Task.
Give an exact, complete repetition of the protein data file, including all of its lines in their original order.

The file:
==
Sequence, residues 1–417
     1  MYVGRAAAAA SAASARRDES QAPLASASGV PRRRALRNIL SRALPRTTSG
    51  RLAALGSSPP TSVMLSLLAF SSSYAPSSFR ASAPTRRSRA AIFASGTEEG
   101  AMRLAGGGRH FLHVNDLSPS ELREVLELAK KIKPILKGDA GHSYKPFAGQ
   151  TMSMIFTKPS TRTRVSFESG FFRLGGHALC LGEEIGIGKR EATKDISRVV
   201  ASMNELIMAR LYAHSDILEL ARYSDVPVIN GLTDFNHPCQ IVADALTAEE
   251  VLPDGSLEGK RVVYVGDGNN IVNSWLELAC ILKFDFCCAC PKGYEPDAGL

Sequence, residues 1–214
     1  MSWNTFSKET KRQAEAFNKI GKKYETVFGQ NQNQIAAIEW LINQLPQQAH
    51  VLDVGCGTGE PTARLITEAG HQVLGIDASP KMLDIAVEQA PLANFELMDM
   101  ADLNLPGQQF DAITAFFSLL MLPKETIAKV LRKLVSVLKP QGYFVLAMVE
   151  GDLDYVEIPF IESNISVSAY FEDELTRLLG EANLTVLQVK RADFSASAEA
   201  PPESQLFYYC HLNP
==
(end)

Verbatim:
Sequence, residues 1–417
     1  MYVGRAAAAA SAASARRDES QAPLASASGV PRRRALRNIL SRALPRTTSG
    51  RLAALGSSPP TSVMLSLLAF SSSYAPSSFR ASAPTRRSRA AIFASGTEEG
   101  AMRLAGGGRH FLHVNDLSPS ELREVLELAK KIKPILKGDA GHSYKPFAGQ
   151  TMSMIFTKPS TRTRVSFESG FFRLGGHALC LGEEIGIGKR EATKDISRVV
   201  ASMNELIMAR LYAHSDILEL ARYSDVPVIN GLTDFNHPCQ IVADALTAEE
   251  VLPDGSLEGK RVVYVGDGNN IVNSWLELAC ILKFDFCCAC PKGYEPDAGL

Sequence, residues 1–214
     1  MSWNTFSKET KRQAEAFNKI GKKYETVFGQ NQNQIAAIEW LINQLPQQAH
    51  VLDVGCGTGE PTARLITEAG HQVLGIDASP KMLDIAVEQA PLANFELMDM
   101  ADLNLPGQQF DAITAFFSLL MLPKETIAKV LRKLVSVLKP QGYFVLAMVE
   151  GDLDYVEIPF IESNISVSAY FEDELTRLLG EANLTVLQVK RADFSASAEA
   201  PPESQLFYYC HLNP